I have always loved the desert. One sits down on a desert sand dune, sees nothing, hears nothing. Yet through the silence something throbs, and gleams…”
– Antoine de Saint-Exupery, The Little Prince
Noel got three days of bereavement leave when his mom passed and we knew that we needed to use some of that time to decompress before heading back to regular life. Fortunately, Glenna’s funeral services were in close proximity to one of our favorite healing balms: red rock canyons. The day after her funeral, we crashed my brother’s singles ward (that will make you feel old) and then explored Kolob Canyon with my family. (You can see the edge of it from the Kanarraville cemetery where Glenna is buried.) The kids had a blast running around with their cousin, grandparents, and aunts and uncles. We climbed rocks, jumped over streams, and played in the sand. After our hike, we said goodbye to all of them and headed back to our hotel. That night it got really windy and icy. We were glad to be snug and warm at the Marriott.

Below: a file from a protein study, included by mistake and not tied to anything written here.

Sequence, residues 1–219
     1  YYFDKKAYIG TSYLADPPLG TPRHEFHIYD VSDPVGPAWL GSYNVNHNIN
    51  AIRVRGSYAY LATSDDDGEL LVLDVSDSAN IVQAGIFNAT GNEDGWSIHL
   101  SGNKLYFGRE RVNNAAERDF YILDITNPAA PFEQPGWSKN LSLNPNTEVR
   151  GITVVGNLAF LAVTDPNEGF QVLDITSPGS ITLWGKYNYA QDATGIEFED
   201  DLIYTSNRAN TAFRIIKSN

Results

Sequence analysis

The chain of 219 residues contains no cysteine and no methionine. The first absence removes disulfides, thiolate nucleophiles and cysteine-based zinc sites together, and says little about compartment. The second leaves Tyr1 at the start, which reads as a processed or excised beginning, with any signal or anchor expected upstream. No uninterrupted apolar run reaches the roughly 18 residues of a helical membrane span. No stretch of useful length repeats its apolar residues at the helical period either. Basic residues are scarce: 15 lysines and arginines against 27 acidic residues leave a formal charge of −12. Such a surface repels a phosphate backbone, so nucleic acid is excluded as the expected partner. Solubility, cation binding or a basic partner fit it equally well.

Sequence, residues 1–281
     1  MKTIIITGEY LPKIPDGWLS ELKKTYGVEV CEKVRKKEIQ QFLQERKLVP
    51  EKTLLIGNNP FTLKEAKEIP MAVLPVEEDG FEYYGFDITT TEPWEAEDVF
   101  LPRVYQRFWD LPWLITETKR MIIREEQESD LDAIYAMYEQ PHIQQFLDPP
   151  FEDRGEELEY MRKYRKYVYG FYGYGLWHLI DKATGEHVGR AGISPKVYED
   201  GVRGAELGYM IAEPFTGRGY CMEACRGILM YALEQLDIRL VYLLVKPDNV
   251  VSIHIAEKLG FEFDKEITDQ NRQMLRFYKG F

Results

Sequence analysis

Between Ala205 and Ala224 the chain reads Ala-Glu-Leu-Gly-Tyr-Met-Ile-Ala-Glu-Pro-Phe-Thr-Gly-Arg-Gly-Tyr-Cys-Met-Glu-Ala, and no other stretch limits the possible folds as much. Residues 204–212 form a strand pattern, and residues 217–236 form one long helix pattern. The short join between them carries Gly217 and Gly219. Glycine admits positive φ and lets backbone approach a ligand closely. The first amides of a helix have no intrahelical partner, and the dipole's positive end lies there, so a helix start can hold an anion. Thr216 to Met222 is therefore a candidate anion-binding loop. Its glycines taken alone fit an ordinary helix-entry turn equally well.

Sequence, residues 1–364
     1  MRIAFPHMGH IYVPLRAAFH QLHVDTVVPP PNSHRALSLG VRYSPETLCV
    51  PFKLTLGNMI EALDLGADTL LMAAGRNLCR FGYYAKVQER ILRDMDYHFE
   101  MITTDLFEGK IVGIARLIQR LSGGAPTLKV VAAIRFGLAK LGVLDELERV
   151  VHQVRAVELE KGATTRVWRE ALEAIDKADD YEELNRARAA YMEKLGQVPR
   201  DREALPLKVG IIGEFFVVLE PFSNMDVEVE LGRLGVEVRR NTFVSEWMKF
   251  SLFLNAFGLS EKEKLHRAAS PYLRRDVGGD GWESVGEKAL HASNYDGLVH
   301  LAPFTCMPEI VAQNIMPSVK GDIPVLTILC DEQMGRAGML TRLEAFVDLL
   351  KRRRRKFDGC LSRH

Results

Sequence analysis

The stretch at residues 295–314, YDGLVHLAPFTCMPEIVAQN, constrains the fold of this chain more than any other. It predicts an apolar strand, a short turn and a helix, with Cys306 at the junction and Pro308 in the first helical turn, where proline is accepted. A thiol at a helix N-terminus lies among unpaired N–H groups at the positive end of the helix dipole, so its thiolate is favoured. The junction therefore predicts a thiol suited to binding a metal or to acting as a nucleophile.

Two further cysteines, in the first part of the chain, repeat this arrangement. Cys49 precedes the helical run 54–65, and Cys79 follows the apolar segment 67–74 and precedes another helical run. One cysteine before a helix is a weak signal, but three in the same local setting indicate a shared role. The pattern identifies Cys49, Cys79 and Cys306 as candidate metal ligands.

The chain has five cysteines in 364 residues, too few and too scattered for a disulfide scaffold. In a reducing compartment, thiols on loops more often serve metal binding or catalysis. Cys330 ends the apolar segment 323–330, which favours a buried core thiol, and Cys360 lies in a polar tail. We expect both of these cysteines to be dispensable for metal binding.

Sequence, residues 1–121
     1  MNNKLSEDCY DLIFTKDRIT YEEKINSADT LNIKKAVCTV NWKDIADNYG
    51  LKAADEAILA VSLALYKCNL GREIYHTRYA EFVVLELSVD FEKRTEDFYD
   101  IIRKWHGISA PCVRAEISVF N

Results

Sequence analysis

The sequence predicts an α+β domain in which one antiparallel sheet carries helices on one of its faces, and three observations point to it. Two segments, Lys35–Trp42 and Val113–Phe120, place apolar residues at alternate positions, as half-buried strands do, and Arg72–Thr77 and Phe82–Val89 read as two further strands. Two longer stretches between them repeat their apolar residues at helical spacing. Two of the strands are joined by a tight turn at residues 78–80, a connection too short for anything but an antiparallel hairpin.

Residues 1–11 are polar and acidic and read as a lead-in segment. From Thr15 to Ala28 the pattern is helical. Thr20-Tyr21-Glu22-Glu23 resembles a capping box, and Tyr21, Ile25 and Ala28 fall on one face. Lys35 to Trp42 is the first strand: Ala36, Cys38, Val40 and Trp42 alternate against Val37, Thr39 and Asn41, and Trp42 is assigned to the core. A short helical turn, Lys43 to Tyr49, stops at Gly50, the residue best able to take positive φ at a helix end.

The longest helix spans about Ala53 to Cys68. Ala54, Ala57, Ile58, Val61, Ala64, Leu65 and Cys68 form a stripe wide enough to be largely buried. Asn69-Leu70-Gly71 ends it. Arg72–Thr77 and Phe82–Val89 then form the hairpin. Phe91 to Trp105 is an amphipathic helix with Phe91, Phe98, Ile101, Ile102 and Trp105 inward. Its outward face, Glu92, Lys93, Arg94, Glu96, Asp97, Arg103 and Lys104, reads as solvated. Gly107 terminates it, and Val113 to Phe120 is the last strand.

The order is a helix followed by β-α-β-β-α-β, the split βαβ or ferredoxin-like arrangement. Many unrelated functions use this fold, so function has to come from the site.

The next day, after the roads had thawed a bit, we headed into Zion. It’s hard to explain, but there’s something about red sandstone that warms my soul. (I touch on it in the beginning of this post, but it’s only a toe-dip into my feelings on the subject.) As we hiked all over the park (Emerald Pools, Weeping Rock, and The Narrows), I felt myself recharging and coming back to life. (Side note: It’s been 9 1/2 years since our amazing and memorable trip through the Narrows. So much reminiscing. ♥). We finished the trip with delicious BBQ with Spencer (my brother) who is going to school at SUU in Cedar City and his fiancé Sarah. The next day we packed up our car (it was also Ellen’s birthday) and headed home. It was a short trip, but between the closure found at the funeral and the soul revitalization offered by wandering in the desert, we felt ready to face life again.